I gained weight when I first diagnosed with Bipolar Disorder in 1996. I stopped taking Depakote and in 2003 I was able to drop my weight back to 125, which is what is proportionate to my height and genes. But, I had a horrible cyle in 2007. I’m taking Lithium to control any mood changes or cycling I might experience. My weight gain since then has been as much as 60 lbs. I blame much of it on the medication. I am exercising and eating smaller portions. I have seen some weight loss. I am especially bothered by my lover’s intolerance for how much weight I’ve gained. Even so, I’ve decided I’d rather be fat, overweight and wearing a size 14 on the outside than somehow get myself back into a hospital because I stopped taking my meds. It’s worse to be locked up in a psych ward because I stopped taking pills just to be thin again.

September 22, 2009 at 5:22 pm
(9) muddle.thru says:

i’m oh-so-goshly in the same boat as are many of you. always the curvy but flat-tummy girl, my self-esteem went through the wringer when at age 32 i began taking bp meds, weighing 125, and within fewer than 5 years i weighed 150—not too bad. but a blow to ‘the girl with the great figure.’ now at age 48 i weigh 180 (AND due to heredity on my mother’s side i’ve lost 2/3 of my hair). my general physician says, to no one’s surprise, that 180 is far too heavy for my 5’2″ frame.

how-some-ever, i’m more muscular than average—which is by no means to say i’m chiselled, haha! i’m strong, i walk dogs year-round for a living, we petsit in our home and are often jumping right in and playing with 6-7 large dogs. it involves much heavy lifting. i DON’t feel great about my weight. not at all. but i’ve learned that “Healthy” can come in many sizes. ever seen a slender hippo? a willowy grizzly bear? ME NEITHER! ~^o^~ sometimes ‘weight’ just happens, and what we CAN do is move our bodies by doing something we like (i love my dogwalking job and my husband and i like to explore interesting paths around our area—usually in woodsy places—and i would rather eat nails than use an exercise machine or go to a gym—aarrrgghhh!!!!!) comic dave barry once wrote something like this: ‘the word “aerobics” comes from an ancient Greek language: “aero,” meaning “the ability to” and “bics,” meaning “withstand tremendous boredom.”‘ HAHA!!!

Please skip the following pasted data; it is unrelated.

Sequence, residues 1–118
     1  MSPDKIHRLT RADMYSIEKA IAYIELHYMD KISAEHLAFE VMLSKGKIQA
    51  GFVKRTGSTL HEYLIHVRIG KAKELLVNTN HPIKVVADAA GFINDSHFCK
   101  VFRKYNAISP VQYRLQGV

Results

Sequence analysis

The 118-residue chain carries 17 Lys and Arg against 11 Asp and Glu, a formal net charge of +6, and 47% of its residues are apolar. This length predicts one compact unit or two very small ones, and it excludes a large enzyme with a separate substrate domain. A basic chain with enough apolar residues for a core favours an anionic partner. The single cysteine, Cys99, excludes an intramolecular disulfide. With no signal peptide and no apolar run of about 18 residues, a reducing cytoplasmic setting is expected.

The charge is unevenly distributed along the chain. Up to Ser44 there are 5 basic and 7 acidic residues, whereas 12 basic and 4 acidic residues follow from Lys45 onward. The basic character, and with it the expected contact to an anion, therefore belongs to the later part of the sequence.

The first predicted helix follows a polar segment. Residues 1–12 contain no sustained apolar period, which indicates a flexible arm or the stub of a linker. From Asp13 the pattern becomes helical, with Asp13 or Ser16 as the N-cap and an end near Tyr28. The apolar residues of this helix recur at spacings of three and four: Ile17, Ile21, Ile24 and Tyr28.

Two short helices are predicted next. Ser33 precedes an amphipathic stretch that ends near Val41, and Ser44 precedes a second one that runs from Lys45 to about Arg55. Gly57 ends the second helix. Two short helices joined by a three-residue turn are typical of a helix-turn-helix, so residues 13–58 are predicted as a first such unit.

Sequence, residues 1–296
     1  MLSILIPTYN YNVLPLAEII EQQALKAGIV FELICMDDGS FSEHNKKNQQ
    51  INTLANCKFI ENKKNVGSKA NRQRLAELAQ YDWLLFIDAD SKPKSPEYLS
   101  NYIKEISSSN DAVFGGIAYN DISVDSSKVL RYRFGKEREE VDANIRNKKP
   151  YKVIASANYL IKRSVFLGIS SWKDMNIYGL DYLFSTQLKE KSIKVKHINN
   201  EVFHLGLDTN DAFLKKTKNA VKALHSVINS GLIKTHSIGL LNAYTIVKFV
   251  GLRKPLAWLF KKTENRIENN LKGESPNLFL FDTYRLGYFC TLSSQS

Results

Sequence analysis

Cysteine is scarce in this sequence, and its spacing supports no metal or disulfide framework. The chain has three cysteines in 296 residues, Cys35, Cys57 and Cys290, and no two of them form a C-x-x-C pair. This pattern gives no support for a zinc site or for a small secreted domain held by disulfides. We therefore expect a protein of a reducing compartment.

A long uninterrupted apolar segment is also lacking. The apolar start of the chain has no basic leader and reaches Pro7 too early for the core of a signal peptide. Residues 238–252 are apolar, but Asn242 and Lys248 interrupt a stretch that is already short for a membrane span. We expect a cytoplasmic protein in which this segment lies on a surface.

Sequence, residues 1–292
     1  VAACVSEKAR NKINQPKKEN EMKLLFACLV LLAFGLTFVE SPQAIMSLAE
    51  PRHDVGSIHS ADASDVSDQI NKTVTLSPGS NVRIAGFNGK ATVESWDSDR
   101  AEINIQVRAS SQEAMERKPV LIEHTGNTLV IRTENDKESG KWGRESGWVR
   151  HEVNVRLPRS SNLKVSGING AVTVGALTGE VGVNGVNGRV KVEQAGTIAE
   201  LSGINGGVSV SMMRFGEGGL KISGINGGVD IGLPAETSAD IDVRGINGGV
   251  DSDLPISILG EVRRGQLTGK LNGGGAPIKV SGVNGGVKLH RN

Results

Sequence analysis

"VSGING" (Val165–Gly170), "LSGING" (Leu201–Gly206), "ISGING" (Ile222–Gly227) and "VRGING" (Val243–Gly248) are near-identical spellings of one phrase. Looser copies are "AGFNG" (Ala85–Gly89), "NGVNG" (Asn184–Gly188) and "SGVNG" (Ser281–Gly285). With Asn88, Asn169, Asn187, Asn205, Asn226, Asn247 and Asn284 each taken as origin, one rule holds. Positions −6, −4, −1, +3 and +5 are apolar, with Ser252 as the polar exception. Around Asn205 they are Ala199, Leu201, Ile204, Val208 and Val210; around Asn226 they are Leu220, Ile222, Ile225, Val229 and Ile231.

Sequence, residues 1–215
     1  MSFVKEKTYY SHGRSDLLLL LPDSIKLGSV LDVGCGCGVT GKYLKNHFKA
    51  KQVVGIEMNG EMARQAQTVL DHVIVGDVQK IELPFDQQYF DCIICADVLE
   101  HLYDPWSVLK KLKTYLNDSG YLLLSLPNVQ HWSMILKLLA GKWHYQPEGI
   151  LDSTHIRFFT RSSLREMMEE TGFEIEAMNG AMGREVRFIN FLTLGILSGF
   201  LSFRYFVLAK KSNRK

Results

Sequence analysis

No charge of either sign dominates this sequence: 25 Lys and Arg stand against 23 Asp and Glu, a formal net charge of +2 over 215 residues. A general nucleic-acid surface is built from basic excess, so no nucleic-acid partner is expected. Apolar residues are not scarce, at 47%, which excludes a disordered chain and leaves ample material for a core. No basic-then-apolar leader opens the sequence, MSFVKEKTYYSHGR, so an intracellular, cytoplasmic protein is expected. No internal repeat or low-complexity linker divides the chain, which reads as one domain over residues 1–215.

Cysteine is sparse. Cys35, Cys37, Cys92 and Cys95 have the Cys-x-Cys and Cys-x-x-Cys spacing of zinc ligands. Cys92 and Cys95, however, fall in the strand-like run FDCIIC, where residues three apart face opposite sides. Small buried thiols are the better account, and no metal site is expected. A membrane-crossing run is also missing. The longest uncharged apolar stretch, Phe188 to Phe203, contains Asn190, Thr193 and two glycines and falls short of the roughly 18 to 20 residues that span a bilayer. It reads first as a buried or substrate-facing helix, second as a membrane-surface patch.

when i walk into a lingerie store or department, i smile and ask a salesperson to show me where the Big Girl items are. the salesperson without fail immediately offers a happy smile. i consider myself a miniature pony; i’ve never seen one with a flat tummy, and they’re still sooooo cute.

the point of my rambling and fractured comments: i don’t like my current weight, but i’ll not let it bugger up my life. one day when i’m long gone, NO ONE will stand at my grave shaking their heads and saying ‘if she could only have lost 50 pounds. she would have had more friends. her family would have loved her more.’ piffle. i’ve never ended a friendship because someone gained weight. i’ve never shunned a family member because he/she got stocky.

life is not about my size. keeping alive necessitates that i move my body as part of enjoying my lifestyle and that i eat wisely most of the time. yes, serious health issues need to be addressed, but silhouette alone is not a health issue.

so let’s find an enjoyable way to move our bodies, employ wisdom to our eating, blow it once in a while, and forgive ourselves??? i think it’s a far better way to live than going off our medications and reverting to a lifestyle of untreated mental torment.

peace to you,

September 22, 2009 at 8:10 pm
(10) Laurie Stott says: